The following opinion column appeared on Townhall.com on 9/19/11.
Author: ADF Senior Counsel David Cortman
On college and university campuses around the country, officials are increasingly using “nondiscrimination” policies to deny religious groups the right to choose prospective members and leaders based on whether they share the group’s religious beliefs. In other words, laws that were originally designed to protect religious groups and persons from institutionalized discrimination are now being used to punish religious groups for exercising their religious freedoms.
San Diego State University is the site of the most recent clash between religious student groups and university nondiscrimination policies. SDSU’s policy prohibits discrimination in membership or leadership on the basis of “race, religion, national origin, ethnicity, color, age, gender, marital status, citizenship, sexual orientation, or disability,” but exempts all “social fraternities or sororities” from the prohibition on gender discrimination (an enormous exemption) and, most critically, allows non-religious groups to require their members and leaders to adhere to their beliefs.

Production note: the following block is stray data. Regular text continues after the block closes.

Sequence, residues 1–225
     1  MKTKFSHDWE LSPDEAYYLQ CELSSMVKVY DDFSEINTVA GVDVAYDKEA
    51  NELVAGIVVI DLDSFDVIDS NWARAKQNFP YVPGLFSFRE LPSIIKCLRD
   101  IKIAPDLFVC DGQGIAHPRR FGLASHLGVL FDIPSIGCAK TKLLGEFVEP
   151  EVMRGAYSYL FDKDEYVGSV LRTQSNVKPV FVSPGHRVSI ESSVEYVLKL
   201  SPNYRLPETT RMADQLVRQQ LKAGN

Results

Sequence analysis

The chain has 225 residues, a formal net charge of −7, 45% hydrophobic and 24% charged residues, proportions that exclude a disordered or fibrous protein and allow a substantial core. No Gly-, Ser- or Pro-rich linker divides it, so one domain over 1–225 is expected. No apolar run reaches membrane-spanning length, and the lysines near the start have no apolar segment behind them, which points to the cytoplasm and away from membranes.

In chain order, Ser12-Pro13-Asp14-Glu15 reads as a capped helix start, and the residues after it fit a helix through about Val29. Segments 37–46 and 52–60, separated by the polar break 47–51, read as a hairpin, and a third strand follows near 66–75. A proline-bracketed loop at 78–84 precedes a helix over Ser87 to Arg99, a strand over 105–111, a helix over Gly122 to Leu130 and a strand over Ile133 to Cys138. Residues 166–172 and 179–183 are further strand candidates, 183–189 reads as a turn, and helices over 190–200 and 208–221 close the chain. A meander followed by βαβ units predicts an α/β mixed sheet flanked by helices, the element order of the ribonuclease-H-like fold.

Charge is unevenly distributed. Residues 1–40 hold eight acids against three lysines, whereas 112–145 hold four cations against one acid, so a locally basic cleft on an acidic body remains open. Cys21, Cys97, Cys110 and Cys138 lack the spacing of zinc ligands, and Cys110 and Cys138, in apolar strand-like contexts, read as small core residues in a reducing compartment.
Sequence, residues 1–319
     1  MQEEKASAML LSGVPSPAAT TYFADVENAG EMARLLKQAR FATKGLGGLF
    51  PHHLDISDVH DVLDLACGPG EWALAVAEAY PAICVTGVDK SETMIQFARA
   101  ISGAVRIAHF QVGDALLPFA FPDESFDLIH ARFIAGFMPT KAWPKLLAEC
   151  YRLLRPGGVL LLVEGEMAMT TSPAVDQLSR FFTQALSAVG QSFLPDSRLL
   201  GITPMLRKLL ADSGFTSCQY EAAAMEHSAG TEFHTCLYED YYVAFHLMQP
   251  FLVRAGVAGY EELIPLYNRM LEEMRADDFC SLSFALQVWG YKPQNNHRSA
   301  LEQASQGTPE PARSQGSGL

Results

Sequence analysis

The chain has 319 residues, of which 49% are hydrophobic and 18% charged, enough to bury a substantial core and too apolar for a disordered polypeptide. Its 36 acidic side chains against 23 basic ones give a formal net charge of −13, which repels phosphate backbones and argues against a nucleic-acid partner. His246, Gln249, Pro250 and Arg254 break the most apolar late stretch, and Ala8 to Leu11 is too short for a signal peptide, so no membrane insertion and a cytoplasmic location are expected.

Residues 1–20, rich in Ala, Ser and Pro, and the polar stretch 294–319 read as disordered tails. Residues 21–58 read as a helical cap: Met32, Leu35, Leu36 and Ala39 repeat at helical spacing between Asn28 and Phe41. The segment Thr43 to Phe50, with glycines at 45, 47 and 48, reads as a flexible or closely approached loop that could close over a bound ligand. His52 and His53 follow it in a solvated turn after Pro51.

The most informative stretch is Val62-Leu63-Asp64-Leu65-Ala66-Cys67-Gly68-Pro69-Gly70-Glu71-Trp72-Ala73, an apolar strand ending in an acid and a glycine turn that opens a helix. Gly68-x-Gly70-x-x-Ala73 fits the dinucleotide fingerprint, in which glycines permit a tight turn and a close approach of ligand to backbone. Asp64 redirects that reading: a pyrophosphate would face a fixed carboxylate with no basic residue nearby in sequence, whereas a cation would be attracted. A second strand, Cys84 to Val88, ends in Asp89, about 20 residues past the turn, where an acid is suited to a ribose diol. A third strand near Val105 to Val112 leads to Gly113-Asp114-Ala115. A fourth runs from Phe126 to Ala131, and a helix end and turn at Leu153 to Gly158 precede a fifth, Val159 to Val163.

So, SDSU’s policy allows a vegetarian club to refuse membership to meat-eaters and a Democrat club to bar Republicans from leadership, but requires religious student organizations to include members and leaders who disagree with their religious beliefs.